No, InboxDollars won’t replace your full-time job, but it’s something easy you can do while you’re already on the couch tonight wasting time on your phone. Plus, it’s extra money you can put toward paying down your debt. Everything helps. 

It’s possible to earn up to $225 per month watching these videos. InboxDollars has already paid its users more than $56 million. 

It takes about one minute to sign up, and you’ll immediately get a $5 bonus to get you started.

4. Use Your House to Pay Off Your Debt 

California couple Wilmer and Kimberly Swerdfeger had accumulated $20,000 in credit card debt — a result of unexpected home repairs and an emergency eye surgery. 

Between paying high interest rates and juggling multiple bills, Wilmer needed a way out. That’s when he considered tapping into his home’s equity — the money he’d paid toward his mortgage — with Figure, an online lender. 

Home equity lines of credit can you help you get out of debt faster by offering better rates than credit cards and personal loans, because your home backs the loan. 

Figure approved the couple for a five-year line of credit with an APR of 5.75% which was way better than the 21.99% credit card interest he faced. Oh, and his funds were in his account the next day — so he could immediately pay off his credit cards. 

It only takes five minutes to check your rate with Figure

Figure is available in the following states: AL, AR, AZ, CA, CO, CT, FL, GA, ID, IL, IN, KS, LA, MA, ME, MI, MN, MO, MS, MT, NC, ND, NE, NH, NJ, NM, NV, OH, OK, OR, PA, RI, SD, TN, WA, WI, WY.

5. Stop Giving Your Car Insurance Company Extra Money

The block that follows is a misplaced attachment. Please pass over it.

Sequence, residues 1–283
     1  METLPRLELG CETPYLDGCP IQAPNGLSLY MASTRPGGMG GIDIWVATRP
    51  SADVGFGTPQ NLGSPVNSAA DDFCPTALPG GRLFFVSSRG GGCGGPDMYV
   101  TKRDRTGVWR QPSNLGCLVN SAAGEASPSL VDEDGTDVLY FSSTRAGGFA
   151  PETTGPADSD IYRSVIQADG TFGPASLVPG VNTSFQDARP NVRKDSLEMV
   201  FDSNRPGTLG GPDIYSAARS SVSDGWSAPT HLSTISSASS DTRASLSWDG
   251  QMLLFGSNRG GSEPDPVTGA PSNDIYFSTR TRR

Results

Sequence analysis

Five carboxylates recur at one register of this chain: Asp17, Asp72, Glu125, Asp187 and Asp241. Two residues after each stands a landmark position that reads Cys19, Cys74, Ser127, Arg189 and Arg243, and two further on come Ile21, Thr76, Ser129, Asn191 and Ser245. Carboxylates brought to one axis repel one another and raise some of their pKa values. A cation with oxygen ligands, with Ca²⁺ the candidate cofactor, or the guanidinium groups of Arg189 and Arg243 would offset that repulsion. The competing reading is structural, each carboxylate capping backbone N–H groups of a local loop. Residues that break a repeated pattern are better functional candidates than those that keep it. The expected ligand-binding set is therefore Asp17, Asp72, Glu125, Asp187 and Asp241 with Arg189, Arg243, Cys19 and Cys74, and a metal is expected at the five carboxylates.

When you’re trying to pay off debt, you might feel like you have to cut every enjoyable thing out of your budget. But the truth is, one of the simplest — and most impactful — expenses you can cut is car insurance. 

If you really want to get the best price on car insurance, experts say you should be shopping twice a year. OK, we can hear you laughing from here. Who has time to do all that? 

But seriously, insurance companies take a lot of factors into consideration, and they change rates all the time. Ipso facto — you’re paying too much. 

Thankfully, a free website called The Zebra will do the shopping for you in just two minutes. 

All you have to do is enter basic information about your car and driving history, then The Zebra compares prices from more than 100 companies to find you the best price. The Zebra says it saves its users up to $670 a year. 

6. Try Starving and Stacking 

Don’t worry. You can still eat. The starve-and-stack budgeting method is geared toward couples, especially newlyweds. Couples combine their finances and live exclusively off one income for 18 to 24 months. 

Use the additional income to invest, establish a rainy day fund and pay off debt. That’s what Jen Smith did. She and her husband practiced the starve-and-stack method for two years and were able to pay off $78,000 in debt.